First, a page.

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The News You May Have Missed

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By Michael S. Rose | June 2006
Michael S. Rose is Web Editor of New Oxford Review.
Soul For Sale

A Chinese man from Jiaxing, near Shanghai, attempted to sell his soul on Taobao, China’s top online auction website. He attracted bids from 58 potential buyers before the posting was pulled, reported China Daily (April 6). “We reviewed Taobao’s policies and realized we had no specific policy on the selling of souls,” said Porter Erisman, spokesman for Taobao’s parent company, Alibaba.com. Erisman said Taobao wasn’t opposed to the idea of soul selling online, but wanted more proof that the seller could provide the goods.

Jesus, Ice Walker

Doron Nof, a Professor of Oceanography at Florida State University, says he thinks he can explain why the Apostles believed that Jesus walked on water. Prof. Nof claims his study found that an unusual combination of water and atmospheric conditions in what is now northern Israel could have led to ice formations on the Sea of Galilee two millennia ago: a drop in temperature below freezing could have caused ice thick enough to support a man to have formed on the surface of the freshwater lake near the western shore. “It would have been nearly impossible for distant observers to see a piece of floating ice surrounded by water,” Prof. Nof observed. Thus, Jesus didn’t actually walk on water, He was merely performing parlor tricks. What won’t they think of next?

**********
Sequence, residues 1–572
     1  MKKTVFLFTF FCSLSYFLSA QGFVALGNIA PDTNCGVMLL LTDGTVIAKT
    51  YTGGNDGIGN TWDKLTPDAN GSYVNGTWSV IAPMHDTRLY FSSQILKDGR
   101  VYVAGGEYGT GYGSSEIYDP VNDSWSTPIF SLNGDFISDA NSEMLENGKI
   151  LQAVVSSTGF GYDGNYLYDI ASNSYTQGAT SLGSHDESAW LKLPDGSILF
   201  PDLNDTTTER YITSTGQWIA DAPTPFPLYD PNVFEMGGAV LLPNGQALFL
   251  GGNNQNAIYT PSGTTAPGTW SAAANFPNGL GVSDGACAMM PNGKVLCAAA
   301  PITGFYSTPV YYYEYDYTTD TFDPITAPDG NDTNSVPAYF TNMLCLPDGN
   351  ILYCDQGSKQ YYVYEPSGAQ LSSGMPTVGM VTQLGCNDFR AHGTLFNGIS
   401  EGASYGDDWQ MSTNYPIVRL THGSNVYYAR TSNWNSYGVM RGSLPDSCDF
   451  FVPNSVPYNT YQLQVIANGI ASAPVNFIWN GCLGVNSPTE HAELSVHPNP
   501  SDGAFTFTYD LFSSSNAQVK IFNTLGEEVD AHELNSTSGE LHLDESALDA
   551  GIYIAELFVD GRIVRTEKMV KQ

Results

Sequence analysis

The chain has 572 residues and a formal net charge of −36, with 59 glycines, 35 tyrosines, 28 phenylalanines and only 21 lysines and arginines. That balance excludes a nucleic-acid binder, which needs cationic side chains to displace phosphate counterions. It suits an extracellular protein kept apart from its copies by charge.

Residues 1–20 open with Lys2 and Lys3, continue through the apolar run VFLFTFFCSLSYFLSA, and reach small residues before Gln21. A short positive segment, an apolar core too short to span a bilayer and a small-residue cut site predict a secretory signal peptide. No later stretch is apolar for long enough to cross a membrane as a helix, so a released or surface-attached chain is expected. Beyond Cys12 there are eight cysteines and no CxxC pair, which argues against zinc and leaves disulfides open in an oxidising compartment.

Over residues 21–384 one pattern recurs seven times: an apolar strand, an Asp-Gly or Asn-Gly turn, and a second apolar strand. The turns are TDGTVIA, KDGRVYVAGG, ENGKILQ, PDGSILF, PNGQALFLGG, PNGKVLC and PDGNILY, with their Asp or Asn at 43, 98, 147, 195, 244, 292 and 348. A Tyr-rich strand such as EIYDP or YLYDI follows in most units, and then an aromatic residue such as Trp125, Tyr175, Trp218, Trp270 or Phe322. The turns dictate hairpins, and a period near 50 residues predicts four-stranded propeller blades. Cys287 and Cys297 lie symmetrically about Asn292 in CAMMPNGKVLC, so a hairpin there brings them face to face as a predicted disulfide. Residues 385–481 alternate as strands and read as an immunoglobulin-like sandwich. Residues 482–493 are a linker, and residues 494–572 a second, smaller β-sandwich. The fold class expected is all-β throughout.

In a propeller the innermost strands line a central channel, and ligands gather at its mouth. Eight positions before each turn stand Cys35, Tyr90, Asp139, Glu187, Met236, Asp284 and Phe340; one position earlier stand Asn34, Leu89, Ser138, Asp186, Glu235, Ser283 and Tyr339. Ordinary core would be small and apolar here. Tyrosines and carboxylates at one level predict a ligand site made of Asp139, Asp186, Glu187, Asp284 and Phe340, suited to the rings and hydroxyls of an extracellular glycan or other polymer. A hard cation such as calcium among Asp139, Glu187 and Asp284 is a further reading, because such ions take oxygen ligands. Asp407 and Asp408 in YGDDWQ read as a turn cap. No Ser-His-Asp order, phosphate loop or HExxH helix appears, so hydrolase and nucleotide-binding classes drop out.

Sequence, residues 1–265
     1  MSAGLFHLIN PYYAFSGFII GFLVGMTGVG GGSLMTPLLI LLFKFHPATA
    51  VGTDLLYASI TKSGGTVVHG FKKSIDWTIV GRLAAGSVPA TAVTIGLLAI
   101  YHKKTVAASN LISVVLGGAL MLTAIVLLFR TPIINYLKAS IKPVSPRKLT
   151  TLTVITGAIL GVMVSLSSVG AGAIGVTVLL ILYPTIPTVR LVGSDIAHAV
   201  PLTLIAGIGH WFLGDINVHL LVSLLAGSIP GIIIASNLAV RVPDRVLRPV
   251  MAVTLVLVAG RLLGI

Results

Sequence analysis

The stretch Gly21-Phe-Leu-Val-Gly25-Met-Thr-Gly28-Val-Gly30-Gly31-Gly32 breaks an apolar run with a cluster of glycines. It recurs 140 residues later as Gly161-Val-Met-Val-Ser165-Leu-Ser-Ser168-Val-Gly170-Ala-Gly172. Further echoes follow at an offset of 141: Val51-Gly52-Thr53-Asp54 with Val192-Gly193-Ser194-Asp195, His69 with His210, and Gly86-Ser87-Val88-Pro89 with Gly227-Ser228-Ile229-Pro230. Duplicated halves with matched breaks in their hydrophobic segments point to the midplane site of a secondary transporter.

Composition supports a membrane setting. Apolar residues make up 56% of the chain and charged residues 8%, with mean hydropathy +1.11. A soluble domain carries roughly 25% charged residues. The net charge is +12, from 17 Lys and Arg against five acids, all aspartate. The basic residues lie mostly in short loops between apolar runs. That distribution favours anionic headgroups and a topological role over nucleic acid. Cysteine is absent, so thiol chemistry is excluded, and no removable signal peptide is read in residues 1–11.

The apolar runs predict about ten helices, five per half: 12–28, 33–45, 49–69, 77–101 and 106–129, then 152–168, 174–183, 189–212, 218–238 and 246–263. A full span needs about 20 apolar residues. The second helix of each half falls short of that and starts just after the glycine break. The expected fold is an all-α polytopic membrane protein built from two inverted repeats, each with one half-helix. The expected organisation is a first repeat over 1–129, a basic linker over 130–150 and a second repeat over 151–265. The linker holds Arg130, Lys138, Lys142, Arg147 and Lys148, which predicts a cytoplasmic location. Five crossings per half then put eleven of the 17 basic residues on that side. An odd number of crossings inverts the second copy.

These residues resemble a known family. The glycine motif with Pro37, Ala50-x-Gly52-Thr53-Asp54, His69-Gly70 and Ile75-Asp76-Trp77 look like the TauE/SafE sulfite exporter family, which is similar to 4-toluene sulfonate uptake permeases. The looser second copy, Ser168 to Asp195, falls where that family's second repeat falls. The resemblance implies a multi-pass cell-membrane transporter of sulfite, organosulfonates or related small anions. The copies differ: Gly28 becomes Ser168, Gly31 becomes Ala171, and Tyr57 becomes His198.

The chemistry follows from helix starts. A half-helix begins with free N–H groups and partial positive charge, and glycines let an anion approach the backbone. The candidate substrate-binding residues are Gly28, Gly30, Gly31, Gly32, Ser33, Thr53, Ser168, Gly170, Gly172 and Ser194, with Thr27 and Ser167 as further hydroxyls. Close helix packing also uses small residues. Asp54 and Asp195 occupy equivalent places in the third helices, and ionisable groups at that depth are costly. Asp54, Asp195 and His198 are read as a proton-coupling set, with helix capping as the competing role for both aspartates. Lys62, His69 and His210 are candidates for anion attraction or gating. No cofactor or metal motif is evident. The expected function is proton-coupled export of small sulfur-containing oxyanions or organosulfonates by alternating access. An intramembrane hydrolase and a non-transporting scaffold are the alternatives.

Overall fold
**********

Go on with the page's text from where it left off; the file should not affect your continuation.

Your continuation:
Tackling Obesity

Teachers at 150 Scottish elementary schools have grown so concerned that their students are becoming inactive and overweight that they have hired “skipping instructors” at $280 a day to teach the youngsters to play. The “playing classes” are part of a national movement to tackle obesity in Scotland, where an estimated one in five 12-year-olds is classified as obese. Kellie Currie, a skipping instructor from London, explained: “You wouldn’t believe the number of schools I go into where the kids don’t know how to play games, and some of them just can’t exercise at all because they are so unfit” (Scotsman, March 20).

Deadbeat Rights

Matt Dubay, a 25-year-old computer programmer, is suing to protect his constitutional right to be a deadbeat dad. After he was unable to convince his pregnant girlfriend to abort their baby or give her up for adoption, he filed a lawsuit in federal court claiming that men who face fatherhood without their consent should be able to opt out of their financial responsibilities to the child. Mel Feit, founder of National Center for Men, supports Dubay’s legal initiative: “Men are routinely forced to give up control, forced to be financially responsible for choices only women are permitted to make, forced to relinquish reproductive choice as the price of intimacy” (Telegraph, March 19).

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